Gimme a big trade. A nasty suspension. A team on the move or falling into bankruptcy. Some real controversy.
Otherwise, what's passing for stories of significance in the NHL these days is putting everyone's feet to sleep.
First, there was this stormy debate over the schedule, an "issue" that now appears to be petering out with no major chances on the way.
But this business of new uniforms really takes the cake.
It's a merchandising venture disguised as physics, an attempt by a major sports clothing outfit to make every current NHL jersey obsolete by next season and to make every minor hockey team in North American believe they have to have these new outfits so their players can skate faster.
What a load.
But hockey people believe anything. Dave Dryden did a study several years ago that proved composite sticks don't allow players to shoot the puck any harder than wood sticks, but people believe they do and are buying 'em up in huge numbers.
When it comes to jerseys, first the NHL should explain what happened to the plan to force goaltenders to wear much tighter sweaters and thus reduce their size in the net.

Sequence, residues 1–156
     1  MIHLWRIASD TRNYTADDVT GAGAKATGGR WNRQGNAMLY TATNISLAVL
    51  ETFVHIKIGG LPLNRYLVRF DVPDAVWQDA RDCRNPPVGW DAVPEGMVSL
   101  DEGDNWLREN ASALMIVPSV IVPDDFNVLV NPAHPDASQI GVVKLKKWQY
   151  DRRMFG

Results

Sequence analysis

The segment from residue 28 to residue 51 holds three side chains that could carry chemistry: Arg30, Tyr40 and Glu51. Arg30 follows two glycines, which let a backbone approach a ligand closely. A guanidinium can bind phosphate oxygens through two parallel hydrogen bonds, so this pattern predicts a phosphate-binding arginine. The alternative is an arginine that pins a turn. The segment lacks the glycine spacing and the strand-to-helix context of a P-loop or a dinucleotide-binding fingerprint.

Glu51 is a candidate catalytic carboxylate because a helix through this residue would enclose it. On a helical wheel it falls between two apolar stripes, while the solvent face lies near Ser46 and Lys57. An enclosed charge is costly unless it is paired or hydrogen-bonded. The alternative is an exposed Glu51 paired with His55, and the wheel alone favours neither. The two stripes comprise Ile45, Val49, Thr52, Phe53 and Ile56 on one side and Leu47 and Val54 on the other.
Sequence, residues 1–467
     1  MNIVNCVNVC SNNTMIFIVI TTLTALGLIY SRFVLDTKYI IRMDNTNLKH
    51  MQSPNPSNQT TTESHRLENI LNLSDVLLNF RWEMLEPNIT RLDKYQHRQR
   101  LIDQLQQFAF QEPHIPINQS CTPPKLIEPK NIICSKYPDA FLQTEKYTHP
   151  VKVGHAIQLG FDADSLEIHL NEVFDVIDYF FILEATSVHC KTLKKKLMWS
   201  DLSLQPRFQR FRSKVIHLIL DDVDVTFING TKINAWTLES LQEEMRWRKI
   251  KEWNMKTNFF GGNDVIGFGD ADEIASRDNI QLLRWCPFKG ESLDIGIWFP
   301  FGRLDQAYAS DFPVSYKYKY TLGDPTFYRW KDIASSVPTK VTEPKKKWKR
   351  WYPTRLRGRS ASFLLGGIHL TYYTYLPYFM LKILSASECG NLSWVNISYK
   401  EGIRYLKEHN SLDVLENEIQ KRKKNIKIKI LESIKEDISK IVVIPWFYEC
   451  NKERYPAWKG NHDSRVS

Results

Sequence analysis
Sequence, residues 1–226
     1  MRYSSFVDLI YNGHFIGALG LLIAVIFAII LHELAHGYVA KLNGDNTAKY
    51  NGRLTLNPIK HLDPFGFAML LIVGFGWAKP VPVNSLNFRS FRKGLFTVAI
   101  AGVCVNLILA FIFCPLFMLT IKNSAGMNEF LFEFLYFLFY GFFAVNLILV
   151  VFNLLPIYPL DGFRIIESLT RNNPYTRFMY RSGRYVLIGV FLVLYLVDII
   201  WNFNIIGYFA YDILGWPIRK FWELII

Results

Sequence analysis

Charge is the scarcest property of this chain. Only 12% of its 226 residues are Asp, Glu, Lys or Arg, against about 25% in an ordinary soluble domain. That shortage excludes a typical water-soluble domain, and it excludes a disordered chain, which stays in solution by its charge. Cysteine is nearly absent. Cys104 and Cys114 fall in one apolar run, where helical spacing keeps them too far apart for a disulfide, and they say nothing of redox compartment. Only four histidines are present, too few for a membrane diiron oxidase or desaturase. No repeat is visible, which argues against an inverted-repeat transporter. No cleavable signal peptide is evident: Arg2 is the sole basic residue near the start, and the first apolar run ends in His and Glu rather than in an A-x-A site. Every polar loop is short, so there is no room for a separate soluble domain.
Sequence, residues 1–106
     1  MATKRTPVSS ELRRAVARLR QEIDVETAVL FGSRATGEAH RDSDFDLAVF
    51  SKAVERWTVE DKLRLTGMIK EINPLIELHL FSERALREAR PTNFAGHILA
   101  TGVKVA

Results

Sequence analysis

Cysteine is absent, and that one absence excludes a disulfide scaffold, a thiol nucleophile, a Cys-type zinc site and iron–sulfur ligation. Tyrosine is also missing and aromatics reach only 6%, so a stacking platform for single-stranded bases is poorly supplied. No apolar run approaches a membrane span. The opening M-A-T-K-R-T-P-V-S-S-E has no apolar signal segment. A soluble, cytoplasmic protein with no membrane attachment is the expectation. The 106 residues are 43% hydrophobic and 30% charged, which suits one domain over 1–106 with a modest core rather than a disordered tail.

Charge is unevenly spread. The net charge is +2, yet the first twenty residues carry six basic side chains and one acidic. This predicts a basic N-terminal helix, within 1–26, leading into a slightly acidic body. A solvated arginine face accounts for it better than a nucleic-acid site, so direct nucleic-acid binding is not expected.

It was supposed to happen for last season, then got delayed and delayed, apparently because the uniform manufacturers couldn't match the dye color on every team's uniforms.
See, these new jerseys to be unveiled next week in Dallas won't make the slightest impact on the game.
But make the goalies a little smaller, and now you're on to something.
This is all typical NHL, focusing on schedules and laundry rather than the real issues that continue to dog the league.
Attendance, for starters. The low quality of many local TV game broadcasts. Quality of play, still hindered by the fact there are too many teams. An unnecessarily long schedule and playoffs that end in June. Declining offensive numbers. The future of the World Cup and Olympic participation. The pointless presence of fighting. Declining media coverage, particularly in the United States. The absence of good teams in the biggest markets.
Not schedules and uniforms.
The league's New York office was undoubtedly thrilled, meanwhile, with the leadup to first weekend of NBC games and all the hype surrounding Brett Hull.
But Hull, ladies and gentleman, isn't going to be controversial in the slightest. For starters, he works for the Dallas Stars, so do you think he'll have anything critical or negative to say about Tom Hicks, Doug Armstrong, Marty Turco or Eric Lindros?
And if he rips the league, well presumably he'll be fined just as any other NHL exec would be fined.
So he won't touch the team he works for and can't touch the league.
How controversial and flamboyant can he possibly be?